The higher threshold means more employees can access the
unfair dismissal provisions.
More employees will be able to access the unfair dismissal
provisions in the Fair Work Act following the increase in the high
income threshold to $129,300, effective 1 July 2013.
At the same time, the compensation limit for unfair dismissal
will increase to $64,650.
How is the unfair dismissal high income threshold
An employee's earnings include wages, money
that is paid on their behalf (such as superannuation top-ups or
salary sacrifice), and the agreed value of non-monetary benefits
(such as laptops and mobile phones).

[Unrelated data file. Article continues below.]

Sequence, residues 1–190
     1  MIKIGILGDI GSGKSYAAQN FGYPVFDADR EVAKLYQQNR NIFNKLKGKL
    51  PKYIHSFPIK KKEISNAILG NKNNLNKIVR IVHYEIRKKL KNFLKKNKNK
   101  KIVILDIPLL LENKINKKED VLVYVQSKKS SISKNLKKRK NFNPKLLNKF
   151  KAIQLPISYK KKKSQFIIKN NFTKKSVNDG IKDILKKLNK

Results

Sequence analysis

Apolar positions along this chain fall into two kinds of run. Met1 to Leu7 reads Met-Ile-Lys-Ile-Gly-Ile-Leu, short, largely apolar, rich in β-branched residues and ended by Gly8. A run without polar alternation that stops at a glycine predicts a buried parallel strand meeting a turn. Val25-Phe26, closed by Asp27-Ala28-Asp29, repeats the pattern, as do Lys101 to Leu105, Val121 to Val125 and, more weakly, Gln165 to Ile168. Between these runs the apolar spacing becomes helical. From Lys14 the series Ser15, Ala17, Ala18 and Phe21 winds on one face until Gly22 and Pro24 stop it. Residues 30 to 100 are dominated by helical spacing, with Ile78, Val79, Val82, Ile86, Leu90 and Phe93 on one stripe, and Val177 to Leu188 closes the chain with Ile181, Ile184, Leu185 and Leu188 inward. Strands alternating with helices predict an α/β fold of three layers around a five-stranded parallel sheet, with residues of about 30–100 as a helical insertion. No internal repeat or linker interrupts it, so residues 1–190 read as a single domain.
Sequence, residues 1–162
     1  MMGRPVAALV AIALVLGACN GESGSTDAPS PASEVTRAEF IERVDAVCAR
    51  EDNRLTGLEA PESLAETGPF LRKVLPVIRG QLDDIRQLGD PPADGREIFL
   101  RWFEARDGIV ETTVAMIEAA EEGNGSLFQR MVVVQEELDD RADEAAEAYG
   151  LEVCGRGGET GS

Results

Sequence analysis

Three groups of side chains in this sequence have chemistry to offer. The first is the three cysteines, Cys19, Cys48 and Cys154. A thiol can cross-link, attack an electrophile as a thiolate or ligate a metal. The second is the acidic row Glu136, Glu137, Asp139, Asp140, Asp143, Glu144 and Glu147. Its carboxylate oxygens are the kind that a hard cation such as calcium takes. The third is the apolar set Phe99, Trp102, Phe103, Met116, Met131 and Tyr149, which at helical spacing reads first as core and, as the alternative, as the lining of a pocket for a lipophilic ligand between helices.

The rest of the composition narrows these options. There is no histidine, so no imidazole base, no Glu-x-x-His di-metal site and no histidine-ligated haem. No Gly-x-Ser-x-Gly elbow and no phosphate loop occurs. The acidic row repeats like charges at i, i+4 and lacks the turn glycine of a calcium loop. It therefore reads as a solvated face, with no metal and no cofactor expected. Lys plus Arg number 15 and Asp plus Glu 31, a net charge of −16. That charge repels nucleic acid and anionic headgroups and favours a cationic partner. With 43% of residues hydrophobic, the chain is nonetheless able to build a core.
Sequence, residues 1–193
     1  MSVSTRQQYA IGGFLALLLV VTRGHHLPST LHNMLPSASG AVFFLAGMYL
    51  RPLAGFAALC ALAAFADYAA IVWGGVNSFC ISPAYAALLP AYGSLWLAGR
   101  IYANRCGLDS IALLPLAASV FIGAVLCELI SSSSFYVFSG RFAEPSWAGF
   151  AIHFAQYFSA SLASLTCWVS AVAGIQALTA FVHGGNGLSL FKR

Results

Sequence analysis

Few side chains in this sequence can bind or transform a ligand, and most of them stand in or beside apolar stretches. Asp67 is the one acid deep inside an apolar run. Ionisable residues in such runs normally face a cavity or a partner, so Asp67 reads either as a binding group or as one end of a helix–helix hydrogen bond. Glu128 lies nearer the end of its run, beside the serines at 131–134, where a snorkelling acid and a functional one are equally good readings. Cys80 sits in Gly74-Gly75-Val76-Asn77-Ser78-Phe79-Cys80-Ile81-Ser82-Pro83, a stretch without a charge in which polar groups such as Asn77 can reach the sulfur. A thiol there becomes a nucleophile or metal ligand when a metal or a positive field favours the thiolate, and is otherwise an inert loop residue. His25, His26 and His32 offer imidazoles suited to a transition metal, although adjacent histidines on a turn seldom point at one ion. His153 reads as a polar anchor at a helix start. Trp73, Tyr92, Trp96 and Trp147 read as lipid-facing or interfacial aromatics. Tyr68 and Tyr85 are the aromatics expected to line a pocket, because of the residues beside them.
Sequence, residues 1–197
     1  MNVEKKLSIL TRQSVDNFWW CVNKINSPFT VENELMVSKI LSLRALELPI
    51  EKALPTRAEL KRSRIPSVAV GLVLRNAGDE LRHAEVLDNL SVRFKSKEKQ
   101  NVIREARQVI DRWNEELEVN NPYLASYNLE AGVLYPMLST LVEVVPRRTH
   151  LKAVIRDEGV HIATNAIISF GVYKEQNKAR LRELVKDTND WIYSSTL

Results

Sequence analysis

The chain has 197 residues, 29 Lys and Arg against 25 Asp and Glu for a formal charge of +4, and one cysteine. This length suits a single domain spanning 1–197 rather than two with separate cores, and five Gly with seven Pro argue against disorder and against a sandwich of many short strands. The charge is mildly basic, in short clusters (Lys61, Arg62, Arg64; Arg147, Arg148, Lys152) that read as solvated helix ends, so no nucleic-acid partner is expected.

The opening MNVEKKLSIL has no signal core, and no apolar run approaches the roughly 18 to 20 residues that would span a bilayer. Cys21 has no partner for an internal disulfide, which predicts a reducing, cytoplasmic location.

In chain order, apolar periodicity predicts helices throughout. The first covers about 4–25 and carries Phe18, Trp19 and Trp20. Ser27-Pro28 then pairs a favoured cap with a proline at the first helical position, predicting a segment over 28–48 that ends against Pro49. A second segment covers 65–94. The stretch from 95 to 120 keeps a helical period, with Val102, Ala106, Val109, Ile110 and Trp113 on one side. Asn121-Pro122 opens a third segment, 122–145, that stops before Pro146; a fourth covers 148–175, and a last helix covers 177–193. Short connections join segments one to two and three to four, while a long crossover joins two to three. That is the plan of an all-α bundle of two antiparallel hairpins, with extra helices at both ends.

An employee's earnings don't include
payments that can't be set in advance (such as commissions,
bonuses or overtime), reimbursements, or compulsory superannuation
Employees who earn above $129,300 (not including SGC
superannuation) and who are not covered by an award or enterprise
agreement will be excluded from the unfair dismissal regime.
What effect will this have?
The increase will enable more employees to access the unfair
dismissal provisions. This would also have implications for how you
manage these employees.
Of course, even if an employee is award/enterprise agreement
free and earns more than the high income threshold, he or she could
still challenge any dismissal using other mechanisms, including
adverse action and actions for breach of contract.
Clayton Utz communications are intended to provide
commentary and general information. They should not be relied upon
as legal advice. Formal legal advice should be sought in particular
transactions or on matters of interest arising from this bulletin.
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